• Whether you like it or not, you are the model for what they will be like when they become parents themselves. When you show your children that they are a priority, you are setting a good example for them when they have families of their own. If children are seen as hindrances by parents, this attitude is reproduced when they become parents.
  • You as their earthly dad are laying the foundation for their relationship with their heavenly father. You are their first exposure to a relationship of authority in the world. How you develop that relationship and wield that authority will either help or harm their view of God. There are countless examples of people who have difficulty embracing a loving heavenly Father when they have had neglectful, absentee, or even abusive earthly dads.
  • Your goal as you lead your children is to prepare them to follow the chief shepherd for the rest of their lives. Therefore, your leadership should point them to the One you are following.
  • Will your children think it is really important to read the Bible if they never see you read yours? Will they consider it a priority to go to church and be involved with God’s people if you send them but don’t go yourself? Will your children speak respectfully of others when they hear the way you speak to your wife? Will they deem it necessary to be honest if they constantly hear you shad the truth or mislead others? Who are you kidding? In reality, what we often communicate to our children is that it is more important to get to football, soccer, or baseball practice regularly than to church. what are you really communicating to your children?

As a father and husband, this book was really convicting and at the same time, incredibly practical when it comes to thinking about living out being the shepherd leader of my home.

Links I Like

Links I Like is a collection of blogs, articles and books I’ve come across recently and thought they were worth sharing. Click here for past Links I Like
  1. The greatest challenge facing high school students. It’s not what you expect.
  2. Brian Dodd on 10 truths about pastors of fast growing churches.
  3. What it costs to be a complementarian.
  4. Bob Franquiz has a NEW resource: The Productive Pastor. I haven’t read it yet, but everything I’ve read from Bob in the past has been amazing. Expecting nothing less about this one.
  5. 7 lessons for next generation leaders.

Links I Like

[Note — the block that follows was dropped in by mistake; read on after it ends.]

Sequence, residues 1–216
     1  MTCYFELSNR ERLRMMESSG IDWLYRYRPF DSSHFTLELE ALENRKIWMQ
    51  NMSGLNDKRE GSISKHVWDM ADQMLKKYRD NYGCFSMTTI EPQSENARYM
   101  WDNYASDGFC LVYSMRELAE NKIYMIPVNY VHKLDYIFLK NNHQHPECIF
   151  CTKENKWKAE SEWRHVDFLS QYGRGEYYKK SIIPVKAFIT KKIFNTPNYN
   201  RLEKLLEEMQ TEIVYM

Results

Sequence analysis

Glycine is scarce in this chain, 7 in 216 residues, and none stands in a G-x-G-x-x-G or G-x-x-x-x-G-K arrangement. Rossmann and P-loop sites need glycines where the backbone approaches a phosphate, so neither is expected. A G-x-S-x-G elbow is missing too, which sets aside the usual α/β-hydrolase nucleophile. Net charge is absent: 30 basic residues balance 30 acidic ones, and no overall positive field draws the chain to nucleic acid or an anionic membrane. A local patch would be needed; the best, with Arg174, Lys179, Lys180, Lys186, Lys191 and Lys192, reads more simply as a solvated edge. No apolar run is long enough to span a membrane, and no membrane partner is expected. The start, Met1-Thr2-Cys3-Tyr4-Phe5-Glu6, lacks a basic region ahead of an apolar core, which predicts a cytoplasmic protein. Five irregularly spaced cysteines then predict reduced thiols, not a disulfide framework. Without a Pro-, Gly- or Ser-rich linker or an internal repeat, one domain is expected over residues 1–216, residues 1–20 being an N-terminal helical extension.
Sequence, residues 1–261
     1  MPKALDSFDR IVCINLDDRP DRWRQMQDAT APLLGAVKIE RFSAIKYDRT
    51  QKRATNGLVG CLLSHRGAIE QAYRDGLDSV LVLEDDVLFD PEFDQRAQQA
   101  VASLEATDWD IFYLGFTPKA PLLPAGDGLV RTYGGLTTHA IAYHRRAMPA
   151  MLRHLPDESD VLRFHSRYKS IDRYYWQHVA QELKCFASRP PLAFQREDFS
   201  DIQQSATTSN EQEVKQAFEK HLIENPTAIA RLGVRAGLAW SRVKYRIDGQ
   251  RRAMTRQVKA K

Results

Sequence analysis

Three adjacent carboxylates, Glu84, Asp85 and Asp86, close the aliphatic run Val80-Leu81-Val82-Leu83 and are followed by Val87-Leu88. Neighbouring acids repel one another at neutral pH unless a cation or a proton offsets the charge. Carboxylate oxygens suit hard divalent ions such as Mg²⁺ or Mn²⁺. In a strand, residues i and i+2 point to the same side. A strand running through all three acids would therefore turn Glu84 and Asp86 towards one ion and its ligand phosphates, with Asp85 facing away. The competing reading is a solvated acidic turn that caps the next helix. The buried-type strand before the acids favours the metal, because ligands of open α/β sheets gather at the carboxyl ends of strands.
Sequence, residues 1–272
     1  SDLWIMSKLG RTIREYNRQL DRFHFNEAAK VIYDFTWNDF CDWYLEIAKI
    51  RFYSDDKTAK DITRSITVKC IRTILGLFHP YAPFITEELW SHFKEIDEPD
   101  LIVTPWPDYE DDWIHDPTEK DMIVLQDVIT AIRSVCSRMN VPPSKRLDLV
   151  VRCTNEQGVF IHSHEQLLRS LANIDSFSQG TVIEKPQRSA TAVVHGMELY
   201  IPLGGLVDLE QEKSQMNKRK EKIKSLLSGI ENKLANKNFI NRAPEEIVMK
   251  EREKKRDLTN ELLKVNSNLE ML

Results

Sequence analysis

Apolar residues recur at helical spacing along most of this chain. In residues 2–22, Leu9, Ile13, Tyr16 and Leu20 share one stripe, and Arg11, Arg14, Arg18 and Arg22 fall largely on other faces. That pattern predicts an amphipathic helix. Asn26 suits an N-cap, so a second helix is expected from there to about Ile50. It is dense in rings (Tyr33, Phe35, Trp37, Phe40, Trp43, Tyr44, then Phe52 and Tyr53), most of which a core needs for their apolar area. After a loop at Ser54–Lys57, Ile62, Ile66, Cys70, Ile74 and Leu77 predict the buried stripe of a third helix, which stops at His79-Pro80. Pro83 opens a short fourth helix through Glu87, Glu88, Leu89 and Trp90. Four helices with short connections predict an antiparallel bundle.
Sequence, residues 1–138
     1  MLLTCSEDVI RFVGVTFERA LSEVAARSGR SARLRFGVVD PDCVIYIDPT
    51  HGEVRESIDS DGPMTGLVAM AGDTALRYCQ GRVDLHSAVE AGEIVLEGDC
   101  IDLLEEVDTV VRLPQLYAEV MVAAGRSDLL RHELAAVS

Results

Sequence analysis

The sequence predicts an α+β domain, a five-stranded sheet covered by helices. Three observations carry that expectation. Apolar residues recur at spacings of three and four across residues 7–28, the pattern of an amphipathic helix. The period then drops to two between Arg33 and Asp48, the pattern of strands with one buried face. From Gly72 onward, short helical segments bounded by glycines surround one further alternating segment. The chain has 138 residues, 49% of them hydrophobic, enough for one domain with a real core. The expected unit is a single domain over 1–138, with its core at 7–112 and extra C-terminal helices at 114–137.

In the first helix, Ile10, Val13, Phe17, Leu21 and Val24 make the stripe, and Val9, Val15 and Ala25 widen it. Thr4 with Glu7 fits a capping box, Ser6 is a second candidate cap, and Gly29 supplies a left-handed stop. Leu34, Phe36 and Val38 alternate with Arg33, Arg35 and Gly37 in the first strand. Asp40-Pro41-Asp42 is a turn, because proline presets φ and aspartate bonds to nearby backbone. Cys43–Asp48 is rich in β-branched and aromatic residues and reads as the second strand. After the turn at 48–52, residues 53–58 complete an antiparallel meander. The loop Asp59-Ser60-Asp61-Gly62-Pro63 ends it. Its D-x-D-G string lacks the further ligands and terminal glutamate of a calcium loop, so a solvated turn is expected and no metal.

Links of the Week

  1. Tim Keller on the mission of the church.
  2. Mark Driscoll on When Jesus was actually born.
  3. 7 things highly productive people do.
  4. Bob Franquiz on What keeps churches small.
  5. Trevin Wax on The danger of the podcast pastor.
  6. 7 Habits of Highly Ineffective Pastors
  7. Justin Holcomb on What is complementarian.
  8. Sam Rainer on 10 (unexpected) church trends to surface by 2020.
  9. Top leadership tweeters.
  10. Shaun King on Advice for pastors and church planters. This is gold.
  11. What do you tell your kids about Santa?

Links of the Week

  1. Mike Breen on Why the missional movement will fail part 1 and part 2. Mike has been instrumental in our change to missional communities and this is a huge reason why churches fail in this area. Great insight.
  2. Joe Thorn and (Fake) angry Calvinists.
  3. Ed Stetzer on Denominations.
  4. 12 questions to confirm your calling to plant a church.
  5. Jen Smidt on What is beautiful part 1 and part 2.
  6. Can megachurches be missional?
  7. Trevin Wax on 5 ways to redeem your ride to work.
  8. 10 suggestions to raising Godly children.
  9. Mark Driscoll on Women & ministry.
  10. Top 5 reasons why people don’t give to your church.

Links of the Week

  1. Why conservative churches are growing faster than liberal ones.
  2. The Wall Street Journal on Fraternities and the culture of rape.
  3. Al Mohler on Same sex marriage, God’s vision, and biblical authority.
  4. 10 reasons not to join a church plant. So true.
  5. Wendy Alsup on My journey to Gospel-Centered Womanhood.
  6. What should the sting be for church discipline.
  7. Acts 29 wives on being a church planter’s wife and family part 1 and part 2. If you wonder what it is like to the wife of a church planter, read these.
  8. Ron Edmondson on 7 suggestions when the marriage isn’t working.
  9. Watch The Gospel Coalition main sessions. Some good stuff here.
  10. Noel Heikkinen on the Royal Wedding and an Illusion of Innocence.
  11. C.J. Mahaney’s free ebook on leadership and criticism. Can’t recommend this high enough.
  12. How women lead in a complementarian church.

Links of the Week

  1. Tim Stevens on Sometimes it is better if the pastor stays home
  2. An open letter to the writer of children’s curriculums. I totally agree with J.D.’s sentiments.
  3. 7 thoughts for next generation leaders.